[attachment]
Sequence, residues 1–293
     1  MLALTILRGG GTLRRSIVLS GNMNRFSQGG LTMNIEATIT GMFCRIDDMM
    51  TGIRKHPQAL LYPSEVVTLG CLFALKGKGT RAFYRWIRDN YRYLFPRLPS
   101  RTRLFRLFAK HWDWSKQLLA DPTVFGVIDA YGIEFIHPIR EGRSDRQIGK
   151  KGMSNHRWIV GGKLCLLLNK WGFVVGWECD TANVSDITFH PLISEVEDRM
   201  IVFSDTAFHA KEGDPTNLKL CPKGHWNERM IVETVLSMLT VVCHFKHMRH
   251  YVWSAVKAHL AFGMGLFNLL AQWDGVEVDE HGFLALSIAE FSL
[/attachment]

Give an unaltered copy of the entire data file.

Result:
Sequence, residues 1–293
     1  MLALTILRGG GTLRRSIVLS GNMNRFSQGG LTMNIEATIT GMFCRIDDMM
    51  TGIRKHPQAL LYPSEVVTLG CLFALKGKGT RAFYRWIRDN YRYLFPRLPS
   101  RTRLFRLFAK HWDWSKQLLA DPTVFGVIDA YGIEFIHPIR EGRSDRQIGK
   151  KGMSNHRWIV GGKLCLLLNK WGFVVGWECD TANVSDITFH PLISEVEDRM
   201  IVFSDTAFHA KEGDPTNLKL CPKGHWNERM IVETVLSMLT VVCHFKHMRH
   251  YVWSAVKAHL AFGMGLFNLL AQWDGVEVDE HGFLALSIAE FSL